Given these facts, self-regulation should be encouraged to bridge the gap between the status quo and future government regulatory actions and involves the cryptocurrency exchange industry adopting its own guidelines and codes of conduct, which can eventually create market pressure to adopt best practices. For examples of how this is done, see Appendix section, “Self-Regulation of Cryptocurrency.” Some countries are creating a regulatory sandbox to experiment with fintech and cryptocurrency regulation such as Switzerland. A larger proportion of the State Department grant money currently dedicated to training local government officials and financial institutions in developing countries on how to better enforce sanctions regimes should be dedicated to regulatory best practices for cryptocurrency.
Banks, governments, cryptocurrency exchanges and other targets have been reluctant to share information on cyber attacks despite the utility of such information in helping to thwart and reduce the damage of attacks (see Appendix section, “Need for Information Sharing”). While more information sharing has taken place in recent years, including through the Financial Services Information Sharing and Analysis Center (FS-ISAC), convincing industry and government to share information on cyber threats is still a heavy lift. The US should model such information sharing itself while supporting other countries to establish inter-agency working groups to enable policymakers, regulators, supervisors, law enforcement authorities and other relevant authorities to cooperate with each other to develop and implement effective policies, regulations, and other measures to address cyber attacks with a view to addressing security gaps, developing regulatory approaches to cryptocurrencies, and sharing information on investigations. Public-private partnerships for information sharing should also be supported and expanded.
Enhanced Cybersecurity Measures
The US should also support efforts to improve cybersecurity protocols in financial institutions, cryptocurrency exchanges, and other potential targets worldwide to mitigate, thwart, delay and reduce the damage of attacks. While these measures will not in themselves curb cyber attacks unless and until the United States fully integrates cyber issues into its broader North Korea policy, the US should nevertheless do all that it can to ensure that financial institutions, including central banks, private financial institutions (FIs), and designated non-financial businesses and professions (DNFBPs) including cryptocurrency exchanges, take independent steps to adopt enhanced cybersecurity measures and protect against malicious DPRK cyber activities worldwide.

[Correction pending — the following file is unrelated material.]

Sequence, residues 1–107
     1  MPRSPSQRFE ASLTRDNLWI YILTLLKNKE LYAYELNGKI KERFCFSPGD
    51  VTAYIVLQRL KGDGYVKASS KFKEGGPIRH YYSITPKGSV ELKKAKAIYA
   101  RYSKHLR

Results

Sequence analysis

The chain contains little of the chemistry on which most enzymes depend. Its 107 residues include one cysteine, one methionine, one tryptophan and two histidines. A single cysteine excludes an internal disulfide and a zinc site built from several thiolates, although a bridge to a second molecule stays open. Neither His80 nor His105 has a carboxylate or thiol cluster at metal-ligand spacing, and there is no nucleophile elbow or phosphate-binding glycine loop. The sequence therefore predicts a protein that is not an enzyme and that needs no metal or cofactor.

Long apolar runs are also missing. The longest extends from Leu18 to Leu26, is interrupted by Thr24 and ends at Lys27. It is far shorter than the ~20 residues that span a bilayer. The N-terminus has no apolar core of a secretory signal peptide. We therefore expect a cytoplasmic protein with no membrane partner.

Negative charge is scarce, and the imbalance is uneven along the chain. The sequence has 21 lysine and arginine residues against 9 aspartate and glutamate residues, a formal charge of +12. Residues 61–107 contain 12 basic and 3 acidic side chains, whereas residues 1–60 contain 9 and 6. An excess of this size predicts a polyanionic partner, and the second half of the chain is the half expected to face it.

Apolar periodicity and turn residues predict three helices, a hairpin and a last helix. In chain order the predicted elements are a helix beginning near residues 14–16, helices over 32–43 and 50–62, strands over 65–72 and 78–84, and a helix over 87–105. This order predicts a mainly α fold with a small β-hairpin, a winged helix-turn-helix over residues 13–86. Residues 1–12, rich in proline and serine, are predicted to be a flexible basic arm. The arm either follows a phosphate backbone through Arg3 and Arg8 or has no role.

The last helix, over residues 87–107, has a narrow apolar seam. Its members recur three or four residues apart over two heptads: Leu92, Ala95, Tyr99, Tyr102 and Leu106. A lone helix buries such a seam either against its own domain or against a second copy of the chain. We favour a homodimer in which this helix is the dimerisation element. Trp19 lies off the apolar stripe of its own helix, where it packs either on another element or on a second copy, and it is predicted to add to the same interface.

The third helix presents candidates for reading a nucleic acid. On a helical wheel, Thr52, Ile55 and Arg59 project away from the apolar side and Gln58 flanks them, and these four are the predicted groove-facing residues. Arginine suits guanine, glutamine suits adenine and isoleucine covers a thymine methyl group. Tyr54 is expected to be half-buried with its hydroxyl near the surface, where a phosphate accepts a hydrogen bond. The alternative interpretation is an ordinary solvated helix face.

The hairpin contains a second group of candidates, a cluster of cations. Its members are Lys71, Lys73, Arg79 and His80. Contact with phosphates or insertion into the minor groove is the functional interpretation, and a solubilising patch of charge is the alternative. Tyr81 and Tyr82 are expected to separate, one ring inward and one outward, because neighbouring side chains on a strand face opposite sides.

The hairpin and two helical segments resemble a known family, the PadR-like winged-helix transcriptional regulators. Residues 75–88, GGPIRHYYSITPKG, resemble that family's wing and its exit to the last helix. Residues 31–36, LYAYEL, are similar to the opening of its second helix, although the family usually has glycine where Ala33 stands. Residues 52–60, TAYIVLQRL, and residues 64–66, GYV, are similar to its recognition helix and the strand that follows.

With a small investment, financial institutions could enforce defensive measures as part of “defense in depth”—a cybersecurity principle whereby multiple security controls are employed to thwart cyber attacks from sophisticated actors such as the DPRK. Such measures include: 1) performing regular asset inventories; 2) maintaining strong access controls; 3) developing and regularly testing incident response plans; and 4) determining how, when and with whom information about security incidents should be shared. While incurring more cost, banks could also institute better network segmentation (limiting an attacker’s movement across the network), deploy next-generation Intrusion Prevention Systems (IPSs), and integrate data-logging infrastructure such as Security Information and Event Management (SIEM) systems. These latter two examine network traffic flows to detect and prevent vulnerability exploits while empowering security operations analysts to respond to incidents quickly and effectively.
Finally, the Society for Worldwide Interbank Financial Telecommunication (SWIFT) could mandate members to adopt, institute and enforce policies designed to frustrate social engineering attacks, the DPRK’s primary attack vector. By encouraging the use of free, online anti-social engineering tools, such as policy templates, training exercises and demonstration videos, members will be better situated to reduce and/or delay successful DPRK network penetrations, thereby decreasing the overall risk to the SWIFT messaging system.
In the end, containing and constraining North Korea’s cyber activities will require a wholescale rethinking of how to integrate cyber defense, starting with the financial services sector, into both measures the international community needs to take in its own defense as well as into a broader strategy for dealing with North Korea. Pyongyang has already proven that it is determined to forge an asymmetric advantage in this new strategic domain. So far, the United States and the international community have been slow to recognize how this fast-developing problem affects broader efforts to cope with the security challenge posed by North Korea. The only remaining question is whether the international community will be resilient, agile and cohesive enough to finally deal with this challenge.
“North Korea’s Illicit Cyber Operations: What Can Be Done?” by Stephanie Kleine-Ahlbrandt (Article and appendix)